“What an absolute piece of junk…”
“It’s mind boggling how inept this is…”
“What the heck is he doing?”
“It’s complete madness.”
Not my words, but the words from a recent Amazon review of my book, How to Beat Wall Street and, sadly, accompanied with my first 1-star rating!
For those interested, here’s the review in full taken from the Amazon site:
I suppose one of the great things about having a blog is that I get to write whatever I want, so having the opportunity to respond to negative reviews like this one is quite good.
What to make of the review? My response.
Well, it’s never nice to receive a bad review, particularly when it’s about something that you’ve put so much time and energy into. But I suppose I should thank the reader for pointing out an issue that I wasn’t aware of until now.
It’s clear from the reader’s comments that he did not quite understand how the portfolios in the book are constructed. This is my fault. I took another look at the chapter in question and I must admit I really wasn’t clear enough about exactly how the systems work. I said that the systems are run on a portfolio of 10 stocks which isn’t clear.
I guess when you’re used to building a certain type of system you sort of take it for granted that people will understand what it is you’re doing.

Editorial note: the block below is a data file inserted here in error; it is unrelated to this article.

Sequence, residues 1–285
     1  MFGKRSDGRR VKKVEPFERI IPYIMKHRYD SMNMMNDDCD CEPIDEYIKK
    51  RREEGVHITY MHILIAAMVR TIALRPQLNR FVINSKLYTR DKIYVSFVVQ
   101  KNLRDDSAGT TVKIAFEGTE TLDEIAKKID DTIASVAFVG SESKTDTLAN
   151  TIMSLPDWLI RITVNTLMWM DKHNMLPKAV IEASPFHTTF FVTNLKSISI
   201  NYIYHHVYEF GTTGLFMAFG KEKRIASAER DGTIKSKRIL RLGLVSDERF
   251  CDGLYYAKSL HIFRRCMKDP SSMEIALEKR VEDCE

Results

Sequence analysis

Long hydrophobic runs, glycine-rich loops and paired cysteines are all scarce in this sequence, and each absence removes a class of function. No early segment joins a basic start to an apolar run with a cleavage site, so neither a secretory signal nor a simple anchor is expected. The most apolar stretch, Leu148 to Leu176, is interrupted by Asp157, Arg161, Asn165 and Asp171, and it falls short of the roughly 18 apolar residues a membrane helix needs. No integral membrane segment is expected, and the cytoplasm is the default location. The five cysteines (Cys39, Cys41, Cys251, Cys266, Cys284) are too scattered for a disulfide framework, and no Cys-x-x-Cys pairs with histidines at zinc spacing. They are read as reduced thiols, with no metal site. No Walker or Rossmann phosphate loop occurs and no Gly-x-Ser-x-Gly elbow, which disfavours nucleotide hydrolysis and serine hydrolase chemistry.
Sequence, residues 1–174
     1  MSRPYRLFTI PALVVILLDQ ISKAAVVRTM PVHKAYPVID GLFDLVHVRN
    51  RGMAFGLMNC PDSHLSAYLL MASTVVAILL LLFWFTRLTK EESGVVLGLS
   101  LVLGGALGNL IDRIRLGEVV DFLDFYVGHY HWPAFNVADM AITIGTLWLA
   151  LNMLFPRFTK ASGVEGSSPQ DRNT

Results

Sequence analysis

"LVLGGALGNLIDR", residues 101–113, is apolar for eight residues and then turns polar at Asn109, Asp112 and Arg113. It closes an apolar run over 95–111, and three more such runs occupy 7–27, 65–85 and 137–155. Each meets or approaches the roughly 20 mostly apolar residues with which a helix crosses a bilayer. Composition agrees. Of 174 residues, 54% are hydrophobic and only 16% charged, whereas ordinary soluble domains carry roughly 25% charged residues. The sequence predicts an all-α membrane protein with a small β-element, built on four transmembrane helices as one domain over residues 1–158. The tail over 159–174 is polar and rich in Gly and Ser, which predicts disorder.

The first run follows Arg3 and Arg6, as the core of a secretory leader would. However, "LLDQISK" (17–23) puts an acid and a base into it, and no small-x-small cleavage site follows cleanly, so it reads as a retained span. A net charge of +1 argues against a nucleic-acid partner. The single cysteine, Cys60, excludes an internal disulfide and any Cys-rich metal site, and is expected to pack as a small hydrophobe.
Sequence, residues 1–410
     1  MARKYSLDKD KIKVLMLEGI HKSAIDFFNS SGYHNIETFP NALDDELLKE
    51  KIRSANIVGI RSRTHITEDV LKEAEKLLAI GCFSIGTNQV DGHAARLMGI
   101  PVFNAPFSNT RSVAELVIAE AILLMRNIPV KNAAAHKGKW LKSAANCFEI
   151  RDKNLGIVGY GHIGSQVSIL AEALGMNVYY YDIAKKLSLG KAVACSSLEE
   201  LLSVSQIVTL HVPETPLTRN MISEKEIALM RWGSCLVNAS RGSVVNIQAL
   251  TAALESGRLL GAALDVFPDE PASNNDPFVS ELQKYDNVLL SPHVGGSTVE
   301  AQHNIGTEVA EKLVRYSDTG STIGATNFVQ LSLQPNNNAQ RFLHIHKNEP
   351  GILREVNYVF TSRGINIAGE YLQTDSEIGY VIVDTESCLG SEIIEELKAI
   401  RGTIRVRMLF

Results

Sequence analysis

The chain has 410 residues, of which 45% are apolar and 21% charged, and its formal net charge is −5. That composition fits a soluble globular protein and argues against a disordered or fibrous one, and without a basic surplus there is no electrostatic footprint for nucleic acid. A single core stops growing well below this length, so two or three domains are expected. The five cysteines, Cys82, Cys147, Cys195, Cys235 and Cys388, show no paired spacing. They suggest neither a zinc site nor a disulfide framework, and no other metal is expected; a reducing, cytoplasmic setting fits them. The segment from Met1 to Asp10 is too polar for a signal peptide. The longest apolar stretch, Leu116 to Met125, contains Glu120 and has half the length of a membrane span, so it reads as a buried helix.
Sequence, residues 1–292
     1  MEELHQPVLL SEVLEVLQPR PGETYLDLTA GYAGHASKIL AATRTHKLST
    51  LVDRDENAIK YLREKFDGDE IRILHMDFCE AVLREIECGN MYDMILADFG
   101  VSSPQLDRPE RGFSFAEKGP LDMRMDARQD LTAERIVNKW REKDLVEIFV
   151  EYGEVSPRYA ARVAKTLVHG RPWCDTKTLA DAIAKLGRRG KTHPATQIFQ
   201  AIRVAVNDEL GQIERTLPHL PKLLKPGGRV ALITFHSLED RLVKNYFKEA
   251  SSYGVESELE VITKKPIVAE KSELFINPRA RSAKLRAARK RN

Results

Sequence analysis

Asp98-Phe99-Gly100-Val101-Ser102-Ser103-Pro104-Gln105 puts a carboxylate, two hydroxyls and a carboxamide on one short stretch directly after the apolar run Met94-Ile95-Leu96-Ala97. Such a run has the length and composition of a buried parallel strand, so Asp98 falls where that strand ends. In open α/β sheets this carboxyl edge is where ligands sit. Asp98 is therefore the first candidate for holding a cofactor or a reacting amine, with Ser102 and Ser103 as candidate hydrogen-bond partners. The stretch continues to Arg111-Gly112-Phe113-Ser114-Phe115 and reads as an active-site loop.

Fortunately, and thanks to the power of ‘print to order’, I have now updated the chapter in question in a couple of places which I hope makes it much more clear for everyone.
(Unfortunately for me, I actually lost my book design files shortly after publication, so making any larger additions than this will be a tall order – not to say it isn’t possible).
If I do have some grievances about the review, it’s that the reader seems to have judged the whole book on the basis of one chapter.
When I put the book together I was conscious of the fact that some readers might buy the book only for the trading systems inside. But as I have said before (and as the title conveys) these are trading system ideas.
Going into the exact details of every one of the 20 trading systems would make for a very long (and probably tedious) book indeed.
I guess what most irks me about the review, is that I try and be as transparent as possible. And I would have been more than happy to answer this reader’s questions regarding the construction of the portfolios.
I know for a fact that there are many published trading books out there retailing for $40+ which contain far more simplistic trading ideas than provided in my meager $3.99 book!
But alas, I now have my very first 1-star review, and like many (much more famous) writers before me, I know how it feels!